Almost exactly one year after the first PX4 announcement, we would like to introduce our newest member of the family, Pixhawk! For those familiar with the existing PX4 electronics, it is the all-in-one board combining PX4FMU + PX4IO, combined with a processor and sensor update and a number of new features. The current board revisions will however remain in full service and active development and are fully compatible. Pixhawk is designed for improved ease of use and reliability while offering unprecedented safety features compared to existing solutions.
Pixhawk is designed by the PX4 open hardware project and manufactured by 3D Robotics. It features the latest processor and sensor technology from ST Microelectronics which delivers incredible performance and reliability at low price points.
The flexible PX4 middleware running on the NuttX Real-Time Operating System brings multithreading and the convenience of a Unix / Linux like programming environment to the open source autopilot domain, while the custom PX4 driver layer ensures tight timing. These facilities and additional headroom on RAM and flash will allow Pixhawk the addition of completely new functionalities like programmatic scripting of autopilot operations.
The PX4 project offers its own complete flight control stack, and projects such as APM:Copter and APM:Plane have ported their software to run as flight control applications. This allows existing APM users to seamlessly transition to the new Pixhawk hardware and lowers the barriers to entry for new users to participate in the exciting world of autonomous vehicles.
The flagship Pixhawk module will be accompanied by new peripheral options, including a digital airspeed sensor, support for an external multi-color LED indicator and an external magnetometer. All peripherals are automatically detected and configured.
32 bit ARM Cortex M4 Processor running NuttX RTOS
14 PWM / Servo outputs (8 with failsafe and manual override, 6 auxiliary,
Abundant connectivity options for additional peripherals (UART, I2C, CAN)
Integrated backup system for in-flight recovery and manual override with
dedicated processor and stand-alone power supply
Backup system integrates mixing, providing consistent autopilot and manual
override mixing modes
Redundant power supply inputs and automatic failover
External safety switch
Multicolor LED main visual indicator
High-power, multi-tone piezo audio indicator
microSD card for long-time high-rate logging
32bit STM32F427 Cortex M4 core with FPU
256 KB RAM
2 MB Flash
32 bit STM32F103 failsafe co-processor
ST Micro L3GD20H 16 bit gyroscope
ST Micro LSM303D 14 bit accelerometer / magnetometer
MEAS MS5611 barometer
5x UART (serial ports), one high-power capable, 2x with HW flow control
Spektrum DSM / DSM2 / DSM-X® Satellite compatible input
Futaba S.BUS® compatible input and output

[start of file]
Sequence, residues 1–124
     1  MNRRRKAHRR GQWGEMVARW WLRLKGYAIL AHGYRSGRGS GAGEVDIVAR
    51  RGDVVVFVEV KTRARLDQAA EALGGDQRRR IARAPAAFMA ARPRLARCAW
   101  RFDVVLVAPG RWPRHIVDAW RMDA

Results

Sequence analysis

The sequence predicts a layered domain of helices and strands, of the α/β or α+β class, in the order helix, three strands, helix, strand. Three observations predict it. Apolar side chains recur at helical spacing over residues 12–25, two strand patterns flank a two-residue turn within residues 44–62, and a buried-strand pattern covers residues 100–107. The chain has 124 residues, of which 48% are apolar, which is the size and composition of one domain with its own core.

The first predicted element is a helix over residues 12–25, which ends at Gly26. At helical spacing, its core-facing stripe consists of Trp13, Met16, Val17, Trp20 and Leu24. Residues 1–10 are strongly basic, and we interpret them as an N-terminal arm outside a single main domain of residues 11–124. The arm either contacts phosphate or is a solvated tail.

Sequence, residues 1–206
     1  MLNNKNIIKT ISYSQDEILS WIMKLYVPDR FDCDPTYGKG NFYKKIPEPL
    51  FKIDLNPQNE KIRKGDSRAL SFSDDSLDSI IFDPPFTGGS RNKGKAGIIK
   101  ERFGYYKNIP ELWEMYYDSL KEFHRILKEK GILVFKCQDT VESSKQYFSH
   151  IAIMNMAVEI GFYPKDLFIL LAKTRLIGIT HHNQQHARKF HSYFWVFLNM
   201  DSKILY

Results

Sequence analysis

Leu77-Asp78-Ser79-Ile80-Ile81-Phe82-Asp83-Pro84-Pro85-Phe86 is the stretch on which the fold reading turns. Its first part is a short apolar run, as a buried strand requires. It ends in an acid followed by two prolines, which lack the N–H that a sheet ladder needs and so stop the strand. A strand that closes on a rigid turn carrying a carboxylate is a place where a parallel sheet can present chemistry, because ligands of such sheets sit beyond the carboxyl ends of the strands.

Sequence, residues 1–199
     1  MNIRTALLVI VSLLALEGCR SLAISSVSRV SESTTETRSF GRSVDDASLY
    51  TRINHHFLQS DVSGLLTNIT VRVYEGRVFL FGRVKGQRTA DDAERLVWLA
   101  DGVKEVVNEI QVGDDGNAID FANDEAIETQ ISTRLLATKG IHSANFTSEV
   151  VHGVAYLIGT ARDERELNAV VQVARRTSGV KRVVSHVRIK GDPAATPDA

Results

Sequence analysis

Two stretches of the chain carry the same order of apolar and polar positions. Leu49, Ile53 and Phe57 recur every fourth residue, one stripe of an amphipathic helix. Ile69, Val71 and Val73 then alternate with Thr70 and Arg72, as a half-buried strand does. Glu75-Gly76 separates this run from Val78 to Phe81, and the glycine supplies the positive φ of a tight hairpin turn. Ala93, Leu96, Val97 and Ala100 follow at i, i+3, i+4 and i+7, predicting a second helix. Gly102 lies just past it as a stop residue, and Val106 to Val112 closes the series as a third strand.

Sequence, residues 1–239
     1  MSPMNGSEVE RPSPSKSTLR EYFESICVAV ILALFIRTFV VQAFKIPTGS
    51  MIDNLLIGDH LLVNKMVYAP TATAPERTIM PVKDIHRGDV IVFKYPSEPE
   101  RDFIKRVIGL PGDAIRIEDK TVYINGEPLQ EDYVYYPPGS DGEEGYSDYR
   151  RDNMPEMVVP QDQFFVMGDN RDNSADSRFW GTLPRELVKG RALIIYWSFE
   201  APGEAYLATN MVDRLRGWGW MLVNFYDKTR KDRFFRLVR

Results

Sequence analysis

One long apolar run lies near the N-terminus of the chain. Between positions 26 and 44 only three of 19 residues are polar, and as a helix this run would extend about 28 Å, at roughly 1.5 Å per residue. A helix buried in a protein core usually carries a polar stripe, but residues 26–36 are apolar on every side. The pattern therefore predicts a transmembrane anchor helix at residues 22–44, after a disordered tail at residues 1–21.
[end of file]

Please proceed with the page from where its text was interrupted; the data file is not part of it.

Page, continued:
PPM sum signal
RSSI (PWM or voltage) input
3.3 and 6.6V ADC inputs
External microUSB port
Power System and Protection
Ideal diode controller with automatic failover
Servo rail high-power (up to 10V) and high-current ready (10A +)
All peripheral outputs over-current protected, all inputs ESD protected
- Monitoring of system and servo rails, over current status monitoring of peripherals
Weight: 38g (1.31oz)
Width: 50mm (1.96")
Thickness: 15.5mm (.613")
Length: 81.5mm (3.21")
This announcement is a service to our users and developers to allow them to plan their hardware roadmaps in time, and to show what we're currently working on. The board will not be immediately available, but 3D Robotics is taking pre-orders for Pixhawk now, and will begin shipping in late October [Update 11/11: the current expected ship date is late Nov]. The price is $199.99.
That's exactly what I was trying to find.
I've just bought me a Minim OSD
check this thread on the forum
Has anyone got an OSD working with Pixhawk yet?
I've found a thread that says OSD is now supported by the current version of Mission Planner, but I can't find any info on how to connect it all up?
I've put it into a mini quad to check it out.
So far I'm very pleased with it.
Still waiting for it. Ordered 2013-09-02
Just received my pixhawk in the mail this evening! I ordered it 1-2 weeks ago so I wasn't expecting to see it for at least another couple of weeks. I can't wait to get this flying with my F450 frame!
Yes, I know. I was being sarcastic due to my disappointment in a few things that should clearly be laying flat on the Pixhawk. The RSSI pin is the signal pin next to the PPM input or SBUS in. The rub is, good luck trying to find its pin number in MP. Without the pin number, you have no RSSI in MP.
As for the GPS/MAG combo, if you were to have bought a 3rd party one and weren't paying close attention, you would have the compass rose going reverse of actual. This is because 3DR installed the compass chip upside down. The Pixhawk FW automatically assumes you have a 3DR unit, thus the reversal if you don't have a 3DR GPS/MAG. Hope it makes sense.
The time spent releasing this project, there is no excuse for the low hanging fruit, like RSSI, not to be addressed properly.
I still don't know RSSI pin on board. But, I will check next time. And, My GPS/Compass is from 3DR. On MP is should select PixHawk. Because, When are you connect compass to I2C on board. It will automatic disable internal compass and Enable External Compass.
Forgot, what GPS/Mag combo did you use? Did you use a non-3DR one? Did you remember to check that the right box for it being 180 over due to the fact that 3DR built theirs upside down?